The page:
The Wanna Decrypter ransomware that began floating around the Internet late last week, or WannCry as it's commonly known, has made a lasting impact, with hundreds of thousands of PCs worldwide being affected. What the malware does is even more alarming: one minute, you're using your computer normally; the next, your data is locked away behind a key unless you fork over hundreds of dollars in ransom money.
As has become typical of ransomware, WannaCry will demand payment via Bitcoin in order to recover the data the attackers locked down. Once payment is received, an encryption key is typically (but not always) sent that will allow the user to recover their data. It's a chore for the inexperienced user, and an outrageous demand for anyone involved.
Yesterday, a tool called WannaKey hit Github promising free recovery of data on PCs corrupted with Wanna Decrypter. This tool carried a number of caveats, though, with a big one being that it's exclusive to Windows XP, and the PC could not be rebooted after being infected.
Today, another developer has built on WannaKey's abilities and released wanakiwi, a tool with the same goal of recovering data, but will work on all versions of Windows between XP and 7 (that includes Vista and server variants). Unfortunately, this wanakiwi carries the same caveat of being useless after an infected PC has been rebooted.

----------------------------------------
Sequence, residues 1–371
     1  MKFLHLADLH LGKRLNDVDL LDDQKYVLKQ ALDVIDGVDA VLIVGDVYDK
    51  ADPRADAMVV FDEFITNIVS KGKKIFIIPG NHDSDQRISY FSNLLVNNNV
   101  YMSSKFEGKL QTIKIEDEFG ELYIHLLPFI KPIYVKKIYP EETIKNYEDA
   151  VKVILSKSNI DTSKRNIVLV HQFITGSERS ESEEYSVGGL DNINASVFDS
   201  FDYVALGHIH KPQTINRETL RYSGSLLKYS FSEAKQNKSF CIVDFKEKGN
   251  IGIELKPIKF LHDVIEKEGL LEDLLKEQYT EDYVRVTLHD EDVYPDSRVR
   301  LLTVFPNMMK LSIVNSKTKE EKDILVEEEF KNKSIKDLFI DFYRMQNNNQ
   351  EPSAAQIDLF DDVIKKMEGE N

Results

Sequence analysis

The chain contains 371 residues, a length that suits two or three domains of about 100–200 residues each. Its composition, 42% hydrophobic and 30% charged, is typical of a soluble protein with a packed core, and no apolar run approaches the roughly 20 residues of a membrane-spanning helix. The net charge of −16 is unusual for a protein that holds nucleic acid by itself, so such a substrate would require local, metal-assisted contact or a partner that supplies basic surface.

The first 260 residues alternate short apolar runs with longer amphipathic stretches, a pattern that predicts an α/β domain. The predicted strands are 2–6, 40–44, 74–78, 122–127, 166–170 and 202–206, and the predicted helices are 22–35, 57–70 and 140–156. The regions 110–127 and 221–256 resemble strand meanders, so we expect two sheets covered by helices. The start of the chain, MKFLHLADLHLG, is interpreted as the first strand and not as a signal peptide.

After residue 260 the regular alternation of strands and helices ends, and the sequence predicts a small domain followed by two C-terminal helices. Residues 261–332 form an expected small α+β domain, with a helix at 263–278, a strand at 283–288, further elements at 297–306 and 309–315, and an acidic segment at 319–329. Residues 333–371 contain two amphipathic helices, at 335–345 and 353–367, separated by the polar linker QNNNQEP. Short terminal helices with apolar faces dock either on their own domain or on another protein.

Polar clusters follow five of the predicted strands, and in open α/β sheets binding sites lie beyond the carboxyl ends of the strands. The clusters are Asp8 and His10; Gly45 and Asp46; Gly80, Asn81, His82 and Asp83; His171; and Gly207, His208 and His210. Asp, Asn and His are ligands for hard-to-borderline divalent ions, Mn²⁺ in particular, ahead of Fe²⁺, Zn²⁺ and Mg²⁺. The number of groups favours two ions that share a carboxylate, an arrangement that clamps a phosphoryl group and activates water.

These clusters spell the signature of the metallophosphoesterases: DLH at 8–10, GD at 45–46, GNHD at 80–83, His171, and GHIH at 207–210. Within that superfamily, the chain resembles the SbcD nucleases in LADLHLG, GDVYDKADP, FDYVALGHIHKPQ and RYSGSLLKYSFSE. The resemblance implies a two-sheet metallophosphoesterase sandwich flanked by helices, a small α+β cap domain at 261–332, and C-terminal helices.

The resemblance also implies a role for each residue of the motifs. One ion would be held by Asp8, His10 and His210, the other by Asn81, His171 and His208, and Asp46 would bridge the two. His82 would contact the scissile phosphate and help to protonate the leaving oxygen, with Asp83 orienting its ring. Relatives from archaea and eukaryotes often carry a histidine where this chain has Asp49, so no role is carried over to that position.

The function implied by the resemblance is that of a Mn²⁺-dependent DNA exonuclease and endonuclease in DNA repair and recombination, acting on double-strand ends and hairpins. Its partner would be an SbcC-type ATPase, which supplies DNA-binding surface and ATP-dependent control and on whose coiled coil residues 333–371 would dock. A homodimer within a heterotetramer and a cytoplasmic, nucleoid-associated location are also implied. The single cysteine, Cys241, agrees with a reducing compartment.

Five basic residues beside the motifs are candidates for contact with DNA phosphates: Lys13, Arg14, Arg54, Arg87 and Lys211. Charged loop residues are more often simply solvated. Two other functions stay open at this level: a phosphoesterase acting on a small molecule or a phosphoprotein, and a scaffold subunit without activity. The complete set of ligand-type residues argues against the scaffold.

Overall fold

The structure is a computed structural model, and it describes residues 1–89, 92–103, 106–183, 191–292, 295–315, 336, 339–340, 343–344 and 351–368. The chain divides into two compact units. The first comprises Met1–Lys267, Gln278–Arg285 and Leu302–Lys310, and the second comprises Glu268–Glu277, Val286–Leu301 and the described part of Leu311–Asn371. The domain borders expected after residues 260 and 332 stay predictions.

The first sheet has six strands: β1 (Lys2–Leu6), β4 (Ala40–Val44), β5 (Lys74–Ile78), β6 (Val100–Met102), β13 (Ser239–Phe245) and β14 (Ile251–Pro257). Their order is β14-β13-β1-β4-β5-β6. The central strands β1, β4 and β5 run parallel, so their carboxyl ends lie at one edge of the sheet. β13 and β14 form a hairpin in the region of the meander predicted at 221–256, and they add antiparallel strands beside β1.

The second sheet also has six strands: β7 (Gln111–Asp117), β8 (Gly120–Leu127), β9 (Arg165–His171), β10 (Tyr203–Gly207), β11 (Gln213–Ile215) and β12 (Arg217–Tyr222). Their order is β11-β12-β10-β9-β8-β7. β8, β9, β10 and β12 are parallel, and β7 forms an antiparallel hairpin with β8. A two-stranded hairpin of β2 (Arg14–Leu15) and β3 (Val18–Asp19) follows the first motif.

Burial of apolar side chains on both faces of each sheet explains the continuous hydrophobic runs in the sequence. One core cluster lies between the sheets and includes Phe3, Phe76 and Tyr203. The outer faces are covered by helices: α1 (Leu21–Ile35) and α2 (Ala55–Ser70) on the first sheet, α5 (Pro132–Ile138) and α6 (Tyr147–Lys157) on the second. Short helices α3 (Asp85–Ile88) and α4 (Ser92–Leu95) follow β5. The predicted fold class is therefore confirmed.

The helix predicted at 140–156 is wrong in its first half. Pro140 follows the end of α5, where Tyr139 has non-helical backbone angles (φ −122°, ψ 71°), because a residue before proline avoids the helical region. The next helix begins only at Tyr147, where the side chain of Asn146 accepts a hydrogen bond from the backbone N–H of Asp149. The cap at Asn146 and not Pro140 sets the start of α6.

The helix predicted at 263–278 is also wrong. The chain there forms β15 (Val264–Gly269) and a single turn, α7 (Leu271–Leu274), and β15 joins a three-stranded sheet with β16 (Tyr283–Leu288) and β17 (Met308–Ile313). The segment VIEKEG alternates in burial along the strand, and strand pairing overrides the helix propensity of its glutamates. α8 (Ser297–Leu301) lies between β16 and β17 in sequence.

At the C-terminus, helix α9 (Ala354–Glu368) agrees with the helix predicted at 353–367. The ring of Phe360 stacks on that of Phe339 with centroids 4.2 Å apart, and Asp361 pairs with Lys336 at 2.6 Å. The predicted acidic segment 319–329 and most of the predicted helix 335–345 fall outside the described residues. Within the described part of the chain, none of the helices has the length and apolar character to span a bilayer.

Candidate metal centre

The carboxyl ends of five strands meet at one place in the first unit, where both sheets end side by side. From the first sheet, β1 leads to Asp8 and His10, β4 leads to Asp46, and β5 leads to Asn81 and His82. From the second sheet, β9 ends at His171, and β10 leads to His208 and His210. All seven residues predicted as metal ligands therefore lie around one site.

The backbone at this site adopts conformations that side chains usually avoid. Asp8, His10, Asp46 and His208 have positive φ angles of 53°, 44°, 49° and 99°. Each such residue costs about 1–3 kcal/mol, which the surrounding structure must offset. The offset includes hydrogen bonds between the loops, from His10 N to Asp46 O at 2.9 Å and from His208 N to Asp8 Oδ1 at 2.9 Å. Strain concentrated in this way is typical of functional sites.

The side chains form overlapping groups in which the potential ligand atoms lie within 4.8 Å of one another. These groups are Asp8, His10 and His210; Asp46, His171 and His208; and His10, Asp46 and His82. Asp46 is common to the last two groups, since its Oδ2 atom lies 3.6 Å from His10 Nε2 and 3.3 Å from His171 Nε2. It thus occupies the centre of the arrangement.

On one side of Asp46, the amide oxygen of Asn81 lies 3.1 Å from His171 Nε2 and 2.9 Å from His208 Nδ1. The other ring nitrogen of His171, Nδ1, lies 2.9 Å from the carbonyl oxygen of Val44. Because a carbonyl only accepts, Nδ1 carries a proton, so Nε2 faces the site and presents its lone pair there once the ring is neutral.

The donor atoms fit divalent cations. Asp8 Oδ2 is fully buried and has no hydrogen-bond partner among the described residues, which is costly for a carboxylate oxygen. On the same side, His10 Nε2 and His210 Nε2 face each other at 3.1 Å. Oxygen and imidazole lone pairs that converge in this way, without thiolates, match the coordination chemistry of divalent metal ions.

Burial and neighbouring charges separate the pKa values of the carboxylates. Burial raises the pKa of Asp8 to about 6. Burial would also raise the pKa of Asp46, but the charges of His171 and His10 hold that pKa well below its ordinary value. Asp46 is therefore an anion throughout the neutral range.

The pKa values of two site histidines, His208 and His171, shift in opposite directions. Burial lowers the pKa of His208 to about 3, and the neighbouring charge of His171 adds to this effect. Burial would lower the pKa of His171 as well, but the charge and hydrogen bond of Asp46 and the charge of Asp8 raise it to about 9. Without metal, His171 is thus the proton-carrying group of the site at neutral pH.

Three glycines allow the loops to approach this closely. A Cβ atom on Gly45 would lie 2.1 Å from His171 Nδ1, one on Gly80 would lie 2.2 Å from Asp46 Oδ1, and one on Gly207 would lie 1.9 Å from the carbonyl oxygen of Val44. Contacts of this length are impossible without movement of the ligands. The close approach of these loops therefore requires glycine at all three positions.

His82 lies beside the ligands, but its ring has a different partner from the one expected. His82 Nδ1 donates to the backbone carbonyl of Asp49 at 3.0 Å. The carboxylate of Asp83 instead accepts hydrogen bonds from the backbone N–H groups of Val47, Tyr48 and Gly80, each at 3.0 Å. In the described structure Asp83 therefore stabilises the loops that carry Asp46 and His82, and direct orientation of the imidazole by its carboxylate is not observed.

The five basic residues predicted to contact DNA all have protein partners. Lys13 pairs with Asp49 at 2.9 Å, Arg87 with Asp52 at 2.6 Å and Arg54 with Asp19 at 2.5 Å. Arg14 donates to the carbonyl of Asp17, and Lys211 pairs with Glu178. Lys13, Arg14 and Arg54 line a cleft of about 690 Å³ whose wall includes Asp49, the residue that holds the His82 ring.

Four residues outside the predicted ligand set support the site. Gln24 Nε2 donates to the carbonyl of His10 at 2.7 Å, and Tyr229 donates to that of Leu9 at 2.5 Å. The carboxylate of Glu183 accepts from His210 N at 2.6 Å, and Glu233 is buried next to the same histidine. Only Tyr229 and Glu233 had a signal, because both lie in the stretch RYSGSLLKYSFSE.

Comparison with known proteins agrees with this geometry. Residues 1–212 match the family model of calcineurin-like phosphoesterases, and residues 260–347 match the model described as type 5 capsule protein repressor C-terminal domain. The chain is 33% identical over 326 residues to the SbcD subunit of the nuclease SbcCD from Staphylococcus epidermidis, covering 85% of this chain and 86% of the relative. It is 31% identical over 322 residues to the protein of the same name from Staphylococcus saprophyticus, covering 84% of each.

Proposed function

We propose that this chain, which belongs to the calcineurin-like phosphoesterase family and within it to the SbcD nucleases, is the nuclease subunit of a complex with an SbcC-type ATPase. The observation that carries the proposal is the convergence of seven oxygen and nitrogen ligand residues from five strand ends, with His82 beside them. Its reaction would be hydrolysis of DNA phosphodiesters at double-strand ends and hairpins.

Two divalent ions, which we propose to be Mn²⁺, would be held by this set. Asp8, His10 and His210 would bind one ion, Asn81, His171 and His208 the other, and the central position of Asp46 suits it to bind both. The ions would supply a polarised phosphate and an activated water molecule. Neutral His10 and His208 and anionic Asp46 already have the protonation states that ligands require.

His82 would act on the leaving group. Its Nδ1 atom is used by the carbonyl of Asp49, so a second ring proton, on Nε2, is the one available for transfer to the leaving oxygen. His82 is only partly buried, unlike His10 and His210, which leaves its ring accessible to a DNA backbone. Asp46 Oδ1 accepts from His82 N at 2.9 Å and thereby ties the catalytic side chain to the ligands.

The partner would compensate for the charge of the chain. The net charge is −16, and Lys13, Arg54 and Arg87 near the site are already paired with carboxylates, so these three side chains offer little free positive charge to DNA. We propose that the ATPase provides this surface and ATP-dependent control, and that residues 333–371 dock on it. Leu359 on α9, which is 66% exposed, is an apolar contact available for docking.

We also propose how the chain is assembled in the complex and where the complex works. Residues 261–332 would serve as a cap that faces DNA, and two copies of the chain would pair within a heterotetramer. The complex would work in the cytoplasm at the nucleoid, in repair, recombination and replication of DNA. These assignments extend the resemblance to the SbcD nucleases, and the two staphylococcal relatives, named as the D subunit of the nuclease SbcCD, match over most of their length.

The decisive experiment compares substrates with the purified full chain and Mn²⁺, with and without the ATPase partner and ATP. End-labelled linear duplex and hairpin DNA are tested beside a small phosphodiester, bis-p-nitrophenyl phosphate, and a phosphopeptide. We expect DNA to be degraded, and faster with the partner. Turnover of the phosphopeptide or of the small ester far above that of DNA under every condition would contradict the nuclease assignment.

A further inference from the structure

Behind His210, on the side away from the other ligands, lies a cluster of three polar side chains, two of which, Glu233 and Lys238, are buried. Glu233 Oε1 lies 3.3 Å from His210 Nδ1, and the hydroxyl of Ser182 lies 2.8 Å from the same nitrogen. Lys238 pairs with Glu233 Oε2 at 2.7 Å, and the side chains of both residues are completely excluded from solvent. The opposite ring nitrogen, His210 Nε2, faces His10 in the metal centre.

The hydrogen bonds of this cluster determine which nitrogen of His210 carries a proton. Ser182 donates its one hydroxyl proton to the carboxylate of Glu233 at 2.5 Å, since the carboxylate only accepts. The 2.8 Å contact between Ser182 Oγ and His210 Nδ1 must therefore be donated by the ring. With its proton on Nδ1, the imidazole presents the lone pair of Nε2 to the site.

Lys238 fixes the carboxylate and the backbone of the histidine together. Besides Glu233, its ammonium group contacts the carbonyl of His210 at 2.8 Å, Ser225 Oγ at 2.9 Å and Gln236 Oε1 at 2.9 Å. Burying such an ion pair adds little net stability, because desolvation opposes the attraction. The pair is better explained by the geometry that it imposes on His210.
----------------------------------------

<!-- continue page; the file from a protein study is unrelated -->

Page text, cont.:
Credit: /u/kevle6 (reddit)
The reason these tools can potentially save your data is because of remnants Wanna Decrypter leaves in the system memory after it's carried out its mission. In particular, the prime numbers of the RSA private key are left in memory, allowing these tools to recover them in order to decrypt the victim's data. In Windows 10, those prime number values would have been purged from memory, and presumably the same applies to Windows 8 (which is probably why the tool doesn't support these operating systems).
It's unfortunate that these tools have very specific limitations, but those who are able to take advantage of them are sure to be thankful.